Also, as you work your way through the case, you can show that at the point of your evaluation that you need additional information before you would be able to give a client good advice. For example, you can ask, “This looks like a point where I need additional data – Is there any additional information you could share?” Or, you may say, “Given what you have let me know about these circumstances, I might want to discover more about the customer’s current relationships with its channel partners – Could you share that?” Again, in challenging the facts, these thoughtful questions demonstrate how you think and how you would bring value to the firm and its clients.
5. Listen to the Answers You Get
Once you ask the questions, listen to the answers. Many interviewers warn that the candidates forget to incorporate the new information into their answers. Don’t be that candidate – remember to add the new information.
6. Maintain Good Eye Contact
Be confident and maintain good eye contact! When you look your interviewer in the eye, it shows that you are confident in your positions and shows that you will have a good presence in future client meetings.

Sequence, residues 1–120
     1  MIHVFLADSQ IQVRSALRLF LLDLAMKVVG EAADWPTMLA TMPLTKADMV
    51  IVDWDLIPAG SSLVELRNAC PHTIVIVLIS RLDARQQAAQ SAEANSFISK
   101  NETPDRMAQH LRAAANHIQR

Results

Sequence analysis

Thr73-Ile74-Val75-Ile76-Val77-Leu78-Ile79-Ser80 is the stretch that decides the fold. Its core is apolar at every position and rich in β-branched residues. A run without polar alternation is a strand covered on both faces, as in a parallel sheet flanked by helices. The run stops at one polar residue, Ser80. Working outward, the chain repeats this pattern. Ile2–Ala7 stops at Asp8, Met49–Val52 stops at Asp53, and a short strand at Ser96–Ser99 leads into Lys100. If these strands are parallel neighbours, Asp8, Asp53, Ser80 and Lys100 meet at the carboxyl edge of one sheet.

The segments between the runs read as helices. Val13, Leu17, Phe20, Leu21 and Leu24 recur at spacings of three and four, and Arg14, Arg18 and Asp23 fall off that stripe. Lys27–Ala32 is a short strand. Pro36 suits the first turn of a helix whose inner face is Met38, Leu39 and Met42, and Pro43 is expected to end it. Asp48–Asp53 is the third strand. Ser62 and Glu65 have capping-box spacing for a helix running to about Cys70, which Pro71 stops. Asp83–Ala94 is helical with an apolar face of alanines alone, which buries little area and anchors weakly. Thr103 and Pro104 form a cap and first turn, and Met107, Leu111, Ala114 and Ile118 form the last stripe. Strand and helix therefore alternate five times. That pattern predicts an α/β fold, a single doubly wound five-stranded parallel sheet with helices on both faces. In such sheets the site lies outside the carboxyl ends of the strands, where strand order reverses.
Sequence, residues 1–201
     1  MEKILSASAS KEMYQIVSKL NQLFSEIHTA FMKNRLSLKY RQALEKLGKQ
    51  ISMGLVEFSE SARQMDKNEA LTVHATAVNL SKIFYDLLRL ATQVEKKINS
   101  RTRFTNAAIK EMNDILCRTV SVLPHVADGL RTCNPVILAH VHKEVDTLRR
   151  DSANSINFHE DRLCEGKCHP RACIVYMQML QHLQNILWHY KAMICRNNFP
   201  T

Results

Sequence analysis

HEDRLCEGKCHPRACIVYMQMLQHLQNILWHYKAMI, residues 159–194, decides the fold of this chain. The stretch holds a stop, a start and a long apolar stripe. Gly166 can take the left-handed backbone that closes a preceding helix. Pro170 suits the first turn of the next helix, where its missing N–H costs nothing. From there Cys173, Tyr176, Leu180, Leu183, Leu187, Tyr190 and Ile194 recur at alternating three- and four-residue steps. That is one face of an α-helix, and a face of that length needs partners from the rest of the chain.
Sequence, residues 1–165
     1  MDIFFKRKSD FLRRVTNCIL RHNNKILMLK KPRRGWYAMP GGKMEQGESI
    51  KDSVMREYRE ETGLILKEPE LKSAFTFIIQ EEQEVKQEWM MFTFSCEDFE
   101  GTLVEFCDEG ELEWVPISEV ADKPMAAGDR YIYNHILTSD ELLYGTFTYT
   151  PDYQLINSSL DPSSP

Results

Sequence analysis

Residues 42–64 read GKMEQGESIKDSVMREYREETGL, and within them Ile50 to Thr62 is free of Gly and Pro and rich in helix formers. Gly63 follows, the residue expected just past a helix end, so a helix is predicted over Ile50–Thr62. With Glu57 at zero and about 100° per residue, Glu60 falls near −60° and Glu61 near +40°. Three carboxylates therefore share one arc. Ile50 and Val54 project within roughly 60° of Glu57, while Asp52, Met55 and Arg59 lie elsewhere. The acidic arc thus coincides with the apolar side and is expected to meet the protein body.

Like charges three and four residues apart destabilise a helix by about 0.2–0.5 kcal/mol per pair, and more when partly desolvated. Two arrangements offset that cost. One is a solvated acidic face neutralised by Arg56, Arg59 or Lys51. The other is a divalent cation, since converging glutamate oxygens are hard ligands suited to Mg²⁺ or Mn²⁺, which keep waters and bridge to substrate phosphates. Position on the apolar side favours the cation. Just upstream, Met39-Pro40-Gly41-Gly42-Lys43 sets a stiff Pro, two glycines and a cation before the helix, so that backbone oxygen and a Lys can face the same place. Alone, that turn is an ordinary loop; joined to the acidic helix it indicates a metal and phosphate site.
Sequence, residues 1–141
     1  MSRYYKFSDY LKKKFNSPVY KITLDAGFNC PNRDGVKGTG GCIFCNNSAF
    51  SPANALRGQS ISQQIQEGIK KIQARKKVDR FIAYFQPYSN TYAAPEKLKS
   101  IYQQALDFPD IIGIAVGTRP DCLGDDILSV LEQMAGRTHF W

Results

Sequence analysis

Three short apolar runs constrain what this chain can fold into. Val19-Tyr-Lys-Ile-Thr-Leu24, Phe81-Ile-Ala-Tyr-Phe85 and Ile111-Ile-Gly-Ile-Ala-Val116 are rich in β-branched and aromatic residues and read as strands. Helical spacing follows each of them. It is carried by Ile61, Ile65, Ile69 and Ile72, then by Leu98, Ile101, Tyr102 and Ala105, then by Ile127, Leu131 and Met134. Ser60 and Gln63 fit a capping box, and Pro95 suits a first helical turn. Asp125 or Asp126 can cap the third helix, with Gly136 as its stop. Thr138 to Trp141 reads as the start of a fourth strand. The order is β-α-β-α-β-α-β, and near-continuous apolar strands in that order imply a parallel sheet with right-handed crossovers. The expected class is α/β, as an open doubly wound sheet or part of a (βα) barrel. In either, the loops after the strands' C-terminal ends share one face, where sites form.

7. It’s Ok to Take a Moment
Take as much time as you need. Although it may seem counter-intuitive, it is fine to take a moment to work through your answer. Indeed, most interviewers think that is best and would expect you to do so. On the other hand, while “a moment” is fine, five minutes would be excessive. Be careful of time management. You don’t want the interviewer to be waiting for too long!
8. Lay Out a Road Map for Your Interviewer
After you’ve chosen the path for your case solutions, share! Explain to the interviewer what direction you are going in and how you will get there. For instance, you may say, “To begin with, I’m going to talk about the produce market in Chile. Second, I’ll get some information about barriers to entry. Finally, I will make suggestions/offer solution for ….” Providing an outline helps you clarify for your interviewer and for yourself how your response to the case will look – and that helps you both!!